RV Must-Haves: RV Weather Emergency

Weather emergencies happen whether you are on the road, at home, or on vacation. Depending on where you are, weather can turn quickly and you might find yourself riding out a storm in your RV. Be prepared with this list of RV weather emergency must-haves.


Remember, Your RV Has Wheels


Since you are in your RV, you can leave. So, if you have the ability (enough notice, money, fuel, etc.), get out of there! There is no reason to ride out a storm in your RV if you don't have to.


My must-have list includes items that you can take with you when you evacuate or use if you find yourself riding out a store.


Extra Food

Whether you in a home or in an RV, extra food is a must during any weather emergency. Of course, since you can't predict an emergency, you should consider keeping some extra food in your tiny home.


I know space is limited in your RV, but try to find ways to keep a store of canned foods that you can keep with you just in case you find yourself in an RV weather emergency. If you have a tow vehicle or a toad, you might be able to keep a small number of canned goods in that vehicle to avoid using your previous RV cabinet space.


Water

Having drinkable water is an absolute must. I recommend you always keep your onboard freshwater tank clean and full of drinkable water. Even if you are staying at a campground, connected to city water, having a clean and full fresh water tank is the way to go. Not only are emergencies unpredictable, but sometimes work is done on the waterlines without prior notification to RV campers. It's always best to be prepared.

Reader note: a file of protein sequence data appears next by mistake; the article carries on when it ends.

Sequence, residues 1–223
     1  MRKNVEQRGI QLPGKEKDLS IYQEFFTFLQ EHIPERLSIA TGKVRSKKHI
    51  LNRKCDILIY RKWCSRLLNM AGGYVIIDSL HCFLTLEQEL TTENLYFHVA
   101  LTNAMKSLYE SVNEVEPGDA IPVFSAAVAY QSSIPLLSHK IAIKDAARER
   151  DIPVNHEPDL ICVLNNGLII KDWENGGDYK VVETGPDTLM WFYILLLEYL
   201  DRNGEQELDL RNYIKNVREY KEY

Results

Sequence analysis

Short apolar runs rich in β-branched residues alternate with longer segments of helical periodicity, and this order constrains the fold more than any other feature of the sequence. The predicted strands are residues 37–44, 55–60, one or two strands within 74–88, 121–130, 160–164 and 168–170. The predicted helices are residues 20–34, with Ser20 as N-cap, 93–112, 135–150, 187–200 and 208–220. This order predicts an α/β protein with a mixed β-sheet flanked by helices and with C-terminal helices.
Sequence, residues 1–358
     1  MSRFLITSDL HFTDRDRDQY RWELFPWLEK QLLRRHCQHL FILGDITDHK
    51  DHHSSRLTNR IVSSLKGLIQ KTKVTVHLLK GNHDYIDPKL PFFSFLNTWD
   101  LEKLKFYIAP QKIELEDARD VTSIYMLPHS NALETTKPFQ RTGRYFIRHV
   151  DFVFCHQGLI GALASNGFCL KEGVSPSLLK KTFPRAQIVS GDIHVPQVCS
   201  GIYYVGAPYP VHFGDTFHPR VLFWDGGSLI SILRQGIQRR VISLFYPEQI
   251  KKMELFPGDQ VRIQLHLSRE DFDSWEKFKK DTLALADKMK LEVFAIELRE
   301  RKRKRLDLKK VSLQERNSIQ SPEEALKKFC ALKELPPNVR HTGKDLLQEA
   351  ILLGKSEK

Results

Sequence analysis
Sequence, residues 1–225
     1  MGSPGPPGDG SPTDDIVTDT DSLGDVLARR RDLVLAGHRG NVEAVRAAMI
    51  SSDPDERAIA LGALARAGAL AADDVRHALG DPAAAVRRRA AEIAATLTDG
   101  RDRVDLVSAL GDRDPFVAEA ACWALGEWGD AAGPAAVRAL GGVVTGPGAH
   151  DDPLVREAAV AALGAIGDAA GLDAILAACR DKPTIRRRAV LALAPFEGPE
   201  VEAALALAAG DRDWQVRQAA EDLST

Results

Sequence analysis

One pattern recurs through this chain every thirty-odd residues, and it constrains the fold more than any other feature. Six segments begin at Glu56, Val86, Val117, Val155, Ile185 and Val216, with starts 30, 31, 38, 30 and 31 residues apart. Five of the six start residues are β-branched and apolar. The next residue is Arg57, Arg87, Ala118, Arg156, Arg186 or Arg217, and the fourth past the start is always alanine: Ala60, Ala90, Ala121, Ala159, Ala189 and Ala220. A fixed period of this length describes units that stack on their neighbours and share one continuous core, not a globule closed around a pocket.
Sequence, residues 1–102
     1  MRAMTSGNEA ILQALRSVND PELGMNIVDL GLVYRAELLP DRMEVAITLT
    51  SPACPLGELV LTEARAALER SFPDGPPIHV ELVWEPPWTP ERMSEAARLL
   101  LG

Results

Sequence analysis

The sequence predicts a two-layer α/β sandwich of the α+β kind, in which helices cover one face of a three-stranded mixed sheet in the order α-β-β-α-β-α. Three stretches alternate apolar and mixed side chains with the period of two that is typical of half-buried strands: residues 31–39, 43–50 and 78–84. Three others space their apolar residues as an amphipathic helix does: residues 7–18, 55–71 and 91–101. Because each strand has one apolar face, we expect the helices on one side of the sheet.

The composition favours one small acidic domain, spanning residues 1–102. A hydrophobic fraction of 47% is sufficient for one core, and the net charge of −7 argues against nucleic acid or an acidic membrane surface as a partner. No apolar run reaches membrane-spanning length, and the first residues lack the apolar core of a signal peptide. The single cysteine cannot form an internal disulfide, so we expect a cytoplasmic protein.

In addition to having your freshwater tank ready to go, I recommend keeping collapsible water jugs. These can be stored easily and filled just as easily when needed. Of course, if you face an emergency, you might not have enough time to fill the jugs up. Use your best judgment on how much extra water you should keep on-hand at all times or if you suspect in-bound weather.


Extra Fuel

Always keep extra fuel with you at all times. We always keep 1 extra 20 lb tank of propane, 1 5 gallon tank of diesel, and 1 5 gallon tank of gasoline. It's not much, but it may really help us out if we find ourselves in an emergency.


Fuel shortages are a real thing and can occur while trying to evacuate ahead of a storm or during the storm itself. Having a few extra gallons may just what you need to get you to a safe spot when you really need it.


Make sure to store the extra fuel in appropriate containers. You don't want to create a dangerous situation for yourself.


Generator

Power is one of the first things to go when you are in a home and it isn't any different at the campground. An RV ready inverter generator can really get you out of a jam in you find yourself in an RV weather emergency that affects electricity. Having power will help you keep your phones charged and keep you connected and safe for longer periods of time. If the temperatures are extreme, having electricity can be very important to keep all families members in a safe and comfortable environment.

There are often times where the weather has passed and you still find yourself without electricity. In addition, if you find yourself evacuating, you might not have electricity and a generator may be vital to keep your family going.


Solar is also a good component to have, but if the weather emergency includes lots of rain and cloudy skies, that solar might not be as helpful as having a generator. If possible, have both.



RV Batteries